Case of Thomas S. Serrill.
Thoms S. Serrill was arrested at New York upon a warrant obtained against him by U. S. District Atorney Smith about August 16, 1861, and committed to Fort Lafayette by order of the Secretary of State. He was charged with treason; having been to England and there made arrangements with leading bankres to secure a loan for the Southern Confederacy and with bringing pounds 20,000 of such loan with him for the use of said Confederacy. An order was issued from the Department of State dated September 3, 1861, directing colonel Burke, commanding at Fort Lafayette, to release Serrill in his taking the oath of allegiance. He was accoringly released September 5, 1861. -From Record Book, State Department, "Arrests for Disloyalty. "
OFFICE OF THE U. S. DISTRICT ATTORNEY,
New York, August 16, 1861.
Honorable WILLIAM H. SEWARD.
SIR: I have obtained a warrant of arrest against Thomas Steele Serrill charging him with treason. We can prove that on his passage on the steamer Persia which has just arrive here he stated that he had seen all the bankers in England; that he could get as much money for the Southern COnfederacy as he wanted; that he had in his possession pounds 20,000 sterling which he should carry down there; that he had been presented a set of silver by the bankers in Enkland for his own use. We found on his person pounds 40,000 in Bank of England notes. This is all the testimony I have been able to gather to-day. He is committed for examintation before a commissioner upon whom I can rely. He has employed good counsel. Pergaps you will deem it best to transfer him to the military authorities.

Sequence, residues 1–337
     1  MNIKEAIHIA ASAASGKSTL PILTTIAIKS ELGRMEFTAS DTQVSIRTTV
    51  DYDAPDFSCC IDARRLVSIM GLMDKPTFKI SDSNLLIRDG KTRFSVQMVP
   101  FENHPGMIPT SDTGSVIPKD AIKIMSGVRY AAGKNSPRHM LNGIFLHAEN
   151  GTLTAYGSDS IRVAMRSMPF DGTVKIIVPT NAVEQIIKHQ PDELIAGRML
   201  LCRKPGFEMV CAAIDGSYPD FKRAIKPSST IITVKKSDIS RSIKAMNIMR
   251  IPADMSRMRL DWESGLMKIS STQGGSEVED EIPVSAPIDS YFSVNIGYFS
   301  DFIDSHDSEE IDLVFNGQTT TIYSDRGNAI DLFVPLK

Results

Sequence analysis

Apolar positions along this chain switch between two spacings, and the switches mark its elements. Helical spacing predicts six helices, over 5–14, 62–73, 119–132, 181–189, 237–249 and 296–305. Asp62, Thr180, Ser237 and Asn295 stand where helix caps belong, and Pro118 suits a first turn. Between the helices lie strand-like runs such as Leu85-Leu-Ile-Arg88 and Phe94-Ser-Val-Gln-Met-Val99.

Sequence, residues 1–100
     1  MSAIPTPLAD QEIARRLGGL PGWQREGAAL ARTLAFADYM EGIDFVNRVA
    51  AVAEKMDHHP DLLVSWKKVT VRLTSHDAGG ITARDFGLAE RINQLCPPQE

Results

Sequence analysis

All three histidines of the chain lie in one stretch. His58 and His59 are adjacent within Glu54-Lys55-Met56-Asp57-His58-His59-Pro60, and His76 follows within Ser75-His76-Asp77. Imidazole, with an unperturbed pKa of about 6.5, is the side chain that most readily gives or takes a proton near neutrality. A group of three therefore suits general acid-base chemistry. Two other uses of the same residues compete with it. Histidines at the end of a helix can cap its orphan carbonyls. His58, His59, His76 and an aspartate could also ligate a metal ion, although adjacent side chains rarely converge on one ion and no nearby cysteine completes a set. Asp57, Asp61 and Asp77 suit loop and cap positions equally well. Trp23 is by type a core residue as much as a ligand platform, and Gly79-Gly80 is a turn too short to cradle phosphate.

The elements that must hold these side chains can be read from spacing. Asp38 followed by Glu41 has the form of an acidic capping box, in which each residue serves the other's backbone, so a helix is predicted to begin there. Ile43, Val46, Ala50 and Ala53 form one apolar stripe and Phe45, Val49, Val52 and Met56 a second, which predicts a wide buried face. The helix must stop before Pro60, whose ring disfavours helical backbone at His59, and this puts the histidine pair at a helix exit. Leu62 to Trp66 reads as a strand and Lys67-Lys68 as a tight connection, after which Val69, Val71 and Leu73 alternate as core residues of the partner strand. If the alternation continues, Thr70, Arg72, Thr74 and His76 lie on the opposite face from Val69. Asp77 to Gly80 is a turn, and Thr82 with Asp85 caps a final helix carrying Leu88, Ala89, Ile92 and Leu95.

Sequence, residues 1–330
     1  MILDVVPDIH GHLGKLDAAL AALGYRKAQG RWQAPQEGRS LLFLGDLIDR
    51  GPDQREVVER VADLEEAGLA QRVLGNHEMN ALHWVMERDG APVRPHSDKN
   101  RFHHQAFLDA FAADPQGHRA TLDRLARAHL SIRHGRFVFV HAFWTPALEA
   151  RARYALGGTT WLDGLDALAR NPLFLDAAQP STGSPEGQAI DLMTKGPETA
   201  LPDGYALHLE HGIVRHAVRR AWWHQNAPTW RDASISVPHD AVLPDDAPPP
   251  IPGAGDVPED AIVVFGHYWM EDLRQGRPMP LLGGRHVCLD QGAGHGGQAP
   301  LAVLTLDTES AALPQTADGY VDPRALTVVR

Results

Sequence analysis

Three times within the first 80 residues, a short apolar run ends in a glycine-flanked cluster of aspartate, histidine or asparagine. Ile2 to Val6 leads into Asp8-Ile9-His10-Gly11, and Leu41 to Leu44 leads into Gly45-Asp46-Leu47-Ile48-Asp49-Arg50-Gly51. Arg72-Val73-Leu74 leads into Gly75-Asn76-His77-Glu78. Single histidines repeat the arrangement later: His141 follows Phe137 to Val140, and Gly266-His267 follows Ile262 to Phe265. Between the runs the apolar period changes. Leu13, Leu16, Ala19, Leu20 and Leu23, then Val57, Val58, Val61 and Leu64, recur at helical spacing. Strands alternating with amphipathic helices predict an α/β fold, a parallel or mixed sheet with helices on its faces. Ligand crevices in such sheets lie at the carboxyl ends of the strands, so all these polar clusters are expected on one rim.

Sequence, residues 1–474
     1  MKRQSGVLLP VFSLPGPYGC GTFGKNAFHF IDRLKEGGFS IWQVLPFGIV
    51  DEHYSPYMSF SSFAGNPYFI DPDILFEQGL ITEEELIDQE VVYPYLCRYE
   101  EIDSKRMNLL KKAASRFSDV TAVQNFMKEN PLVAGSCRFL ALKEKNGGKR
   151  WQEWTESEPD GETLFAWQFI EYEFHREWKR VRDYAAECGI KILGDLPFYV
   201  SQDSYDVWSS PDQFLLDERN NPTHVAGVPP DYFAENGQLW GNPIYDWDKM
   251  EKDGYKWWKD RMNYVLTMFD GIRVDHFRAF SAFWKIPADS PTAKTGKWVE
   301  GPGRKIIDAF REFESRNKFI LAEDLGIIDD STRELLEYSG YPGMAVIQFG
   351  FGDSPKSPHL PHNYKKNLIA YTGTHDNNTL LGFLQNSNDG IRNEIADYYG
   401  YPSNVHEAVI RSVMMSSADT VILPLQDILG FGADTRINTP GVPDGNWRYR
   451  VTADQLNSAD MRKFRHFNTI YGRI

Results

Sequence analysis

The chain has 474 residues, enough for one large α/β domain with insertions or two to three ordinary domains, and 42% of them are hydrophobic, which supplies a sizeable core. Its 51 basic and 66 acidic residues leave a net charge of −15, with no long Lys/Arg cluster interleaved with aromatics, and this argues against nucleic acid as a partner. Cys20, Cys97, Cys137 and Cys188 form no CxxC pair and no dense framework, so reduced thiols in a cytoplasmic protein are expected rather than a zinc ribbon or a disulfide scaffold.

Very respectfully, your obedient servant,
E. DELAFIELD SMITH,
U. S. District Attorney.
OFFICE OF THE U. S . DISTRICT ATTORRNEY,
New York, August 23, 1861.
Honorable WILLIAM H. SEWARD, Secretary of State.
SIR: In reply to your communication of the 22nd instant* I beg leave to state that as represented to the custom-housse officers by the witnesses whose names are given below Mr. Serrill on his passage to this country on the steamer Persia repeatedly stated that he had been to England and had ha dinterviews with the leading bankers and had made arrangements to secure a loan for the Southern Confederacy; that he had pounds 20,000 of such loan with him, which was to be used by the Confederate States for the benefit of their army; that he expressed himself strongly in favor of the rebellion and as determined to aid them by all means in his power. He also stated that he was en route for New Orleans with the funds in his possession. This statement is made to me by Rufus F. Andrews, esq., surveyro of this port. The witnesses are as follows: John H. Wray, with A. T. Stewart & Co. ; George A. Jackson, 647 Broadway, New York; John Morrison, 278 Washington street; J. C. Berhard, 41 Warren street; Thomas J. Brown, Alexander